Losing Sleep Leaves You Vulnerable To 'False Memories'

Losing Sleep Leaves You Vulnerable To 'False Memories'

Newsy (July 27, 2014) — A new study shows sleep deprivation can make it harder for people to remember specific details of an event. Video provided by Newsy
Powered by NewsLook.com

Search ScienceDaily

Number of stories in archives: 140,361

Find with keyword(s):
 
Enter a keyword or phrase to search ScienceDaily for related topics and research stories.

Save/Print:
Share:  

Breaking News:
from the past week

In Other News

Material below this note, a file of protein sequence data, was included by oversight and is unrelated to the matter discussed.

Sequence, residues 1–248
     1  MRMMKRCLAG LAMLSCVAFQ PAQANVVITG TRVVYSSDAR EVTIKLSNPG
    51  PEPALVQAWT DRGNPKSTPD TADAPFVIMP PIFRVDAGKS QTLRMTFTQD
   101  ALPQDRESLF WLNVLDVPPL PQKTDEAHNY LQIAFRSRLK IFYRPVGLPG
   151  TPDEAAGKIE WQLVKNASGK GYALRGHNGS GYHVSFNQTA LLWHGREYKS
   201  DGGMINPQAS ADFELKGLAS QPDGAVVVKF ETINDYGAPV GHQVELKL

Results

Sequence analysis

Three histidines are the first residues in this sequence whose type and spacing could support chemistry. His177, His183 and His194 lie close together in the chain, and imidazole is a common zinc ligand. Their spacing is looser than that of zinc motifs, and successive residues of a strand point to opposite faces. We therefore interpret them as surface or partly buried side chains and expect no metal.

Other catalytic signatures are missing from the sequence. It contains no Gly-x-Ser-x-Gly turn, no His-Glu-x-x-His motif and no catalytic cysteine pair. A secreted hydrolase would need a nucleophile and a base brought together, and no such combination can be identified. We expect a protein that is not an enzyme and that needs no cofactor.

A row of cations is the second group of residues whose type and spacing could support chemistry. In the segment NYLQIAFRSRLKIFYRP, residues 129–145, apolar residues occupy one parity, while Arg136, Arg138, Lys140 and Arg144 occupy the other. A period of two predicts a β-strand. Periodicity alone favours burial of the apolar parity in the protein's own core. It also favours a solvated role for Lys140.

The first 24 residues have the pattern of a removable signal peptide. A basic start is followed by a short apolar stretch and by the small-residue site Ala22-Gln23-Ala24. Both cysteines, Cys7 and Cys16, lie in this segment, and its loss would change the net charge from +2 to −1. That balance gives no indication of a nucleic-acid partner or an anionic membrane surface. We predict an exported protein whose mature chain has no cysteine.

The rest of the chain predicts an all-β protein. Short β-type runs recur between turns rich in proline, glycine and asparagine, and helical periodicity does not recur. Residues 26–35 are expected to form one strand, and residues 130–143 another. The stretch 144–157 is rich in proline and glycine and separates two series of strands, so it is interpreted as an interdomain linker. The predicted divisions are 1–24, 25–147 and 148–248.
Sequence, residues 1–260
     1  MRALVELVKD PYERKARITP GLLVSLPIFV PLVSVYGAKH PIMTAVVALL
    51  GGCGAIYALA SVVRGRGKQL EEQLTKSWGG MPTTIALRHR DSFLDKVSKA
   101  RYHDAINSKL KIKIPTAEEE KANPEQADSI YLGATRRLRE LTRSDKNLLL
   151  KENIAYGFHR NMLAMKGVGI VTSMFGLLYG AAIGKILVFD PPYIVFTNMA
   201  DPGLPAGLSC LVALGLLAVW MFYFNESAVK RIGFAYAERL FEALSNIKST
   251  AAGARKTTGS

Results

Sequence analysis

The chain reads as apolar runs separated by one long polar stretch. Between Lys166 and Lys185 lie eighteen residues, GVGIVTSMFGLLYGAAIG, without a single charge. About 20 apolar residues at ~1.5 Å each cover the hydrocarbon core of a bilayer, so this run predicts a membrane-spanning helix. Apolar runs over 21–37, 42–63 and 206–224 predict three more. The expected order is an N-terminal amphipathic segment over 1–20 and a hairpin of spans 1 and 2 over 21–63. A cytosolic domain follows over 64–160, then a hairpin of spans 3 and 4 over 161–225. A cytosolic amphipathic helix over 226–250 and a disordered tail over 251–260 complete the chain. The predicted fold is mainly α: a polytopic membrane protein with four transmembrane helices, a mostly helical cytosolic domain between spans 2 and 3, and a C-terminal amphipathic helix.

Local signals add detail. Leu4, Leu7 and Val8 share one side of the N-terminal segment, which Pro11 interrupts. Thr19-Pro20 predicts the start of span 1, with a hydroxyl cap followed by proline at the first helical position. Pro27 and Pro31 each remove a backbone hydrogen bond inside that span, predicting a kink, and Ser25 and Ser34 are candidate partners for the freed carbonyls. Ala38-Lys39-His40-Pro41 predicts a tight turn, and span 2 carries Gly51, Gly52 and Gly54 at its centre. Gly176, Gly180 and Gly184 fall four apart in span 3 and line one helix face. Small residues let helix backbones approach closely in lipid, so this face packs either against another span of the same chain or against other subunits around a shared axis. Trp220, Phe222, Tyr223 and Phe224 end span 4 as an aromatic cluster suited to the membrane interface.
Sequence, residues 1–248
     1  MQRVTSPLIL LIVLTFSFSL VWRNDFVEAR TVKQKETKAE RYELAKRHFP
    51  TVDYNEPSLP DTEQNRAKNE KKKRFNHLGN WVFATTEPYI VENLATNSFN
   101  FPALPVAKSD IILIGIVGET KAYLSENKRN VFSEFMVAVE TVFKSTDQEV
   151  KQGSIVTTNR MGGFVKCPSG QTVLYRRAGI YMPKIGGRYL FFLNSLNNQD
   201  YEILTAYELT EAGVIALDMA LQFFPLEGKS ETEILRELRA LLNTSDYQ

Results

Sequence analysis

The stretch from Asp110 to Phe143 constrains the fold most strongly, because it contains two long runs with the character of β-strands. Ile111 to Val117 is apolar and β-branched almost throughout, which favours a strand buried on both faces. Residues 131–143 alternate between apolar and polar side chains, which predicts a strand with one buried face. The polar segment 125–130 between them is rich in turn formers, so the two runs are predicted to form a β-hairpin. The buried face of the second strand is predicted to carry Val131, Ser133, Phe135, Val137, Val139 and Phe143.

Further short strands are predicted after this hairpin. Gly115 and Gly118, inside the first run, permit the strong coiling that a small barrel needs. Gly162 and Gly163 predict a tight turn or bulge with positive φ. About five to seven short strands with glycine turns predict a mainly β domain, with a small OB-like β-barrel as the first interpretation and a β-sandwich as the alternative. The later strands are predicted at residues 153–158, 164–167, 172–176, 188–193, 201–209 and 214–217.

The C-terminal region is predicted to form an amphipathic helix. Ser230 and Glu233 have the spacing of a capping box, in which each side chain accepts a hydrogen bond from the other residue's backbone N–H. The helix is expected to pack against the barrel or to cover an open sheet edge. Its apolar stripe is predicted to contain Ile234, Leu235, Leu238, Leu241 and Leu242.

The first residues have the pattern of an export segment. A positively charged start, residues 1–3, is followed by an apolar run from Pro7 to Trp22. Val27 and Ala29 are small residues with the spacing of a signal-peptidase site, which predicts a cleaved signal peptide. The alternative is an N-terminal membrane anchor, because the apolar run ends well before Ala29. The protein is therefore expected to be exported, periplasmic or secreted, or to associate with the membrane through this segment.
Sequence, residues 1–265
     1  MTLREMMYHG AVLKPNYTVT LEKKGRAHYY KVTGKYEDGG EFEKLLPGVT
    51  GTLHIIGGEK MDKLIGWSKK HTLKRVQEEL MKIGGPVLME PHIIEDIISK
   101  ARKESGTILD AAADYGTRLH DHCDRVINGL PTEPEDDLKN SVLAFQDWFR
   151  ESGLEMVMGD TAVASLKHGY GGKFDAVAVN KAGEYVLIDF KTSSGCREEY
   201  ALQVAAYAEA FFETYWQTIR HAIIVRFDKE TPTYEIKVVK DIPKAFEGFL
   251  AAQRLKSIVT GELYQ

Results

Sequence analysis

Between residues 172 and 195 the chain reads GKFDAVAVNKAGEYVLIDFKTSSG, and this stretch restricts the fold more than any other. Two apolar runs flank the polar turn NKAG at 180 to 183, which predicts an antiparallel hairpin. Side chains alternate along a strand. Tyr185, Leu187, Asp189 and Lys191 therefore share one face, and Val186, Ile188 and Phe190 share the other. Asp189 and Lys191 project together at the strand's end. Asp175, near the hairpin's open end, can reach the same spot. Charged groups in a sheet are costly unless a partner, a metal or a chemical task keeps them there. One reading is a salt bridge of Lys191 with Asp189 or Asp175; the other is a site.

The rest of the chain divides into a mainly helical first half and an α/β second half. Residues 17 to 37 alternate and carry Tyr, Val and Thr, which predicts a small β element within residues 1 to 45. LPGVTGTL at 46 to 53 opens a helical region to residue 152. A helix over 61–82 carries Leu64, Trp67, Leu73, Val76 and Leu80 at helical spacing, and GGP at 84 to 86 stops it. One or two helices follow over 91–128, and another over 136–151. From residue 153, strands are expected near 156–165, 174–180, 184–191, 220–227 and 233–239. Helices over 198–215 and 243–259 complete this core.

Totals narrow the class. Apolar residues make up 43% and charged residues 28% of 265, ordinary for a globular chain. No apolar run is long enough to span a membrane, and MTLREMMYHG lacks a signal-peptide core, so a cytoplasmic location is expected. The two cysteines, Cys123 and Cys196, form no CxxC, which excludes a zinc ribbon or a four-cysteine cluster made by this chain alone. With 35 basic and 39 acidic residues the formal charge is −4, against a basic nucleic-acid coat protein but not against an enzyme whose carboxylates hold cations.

... from NewsDaily.com

Science News

Health News

Environment News

Technology News



Save/Print:
Share:  

Free Subscriptions


Get the latest science news with ScienceDaily's free email newsletters, updated daily and weekly. Or view hourly updated newsfeeds in your RSS reader:

Get Social & Mobile


Keep up to date with the latest news from ScienceDaily via social networks and mobile apps:

Have Feedback?


Tell us what you think of ScienceDaily -- we welcome both positive and negative comments. Have any problems using the site? Questions?
Mobile iPhone Android Web
Follow Facebook Twitter Google+
Subscribe RSS Feeds Email Newsletters
Latest Headlines Health & Medicine Mind & Brain Space & Time Matter & Energy Computers & Math Plants & Animals Earth & Climate Fossils & Ruins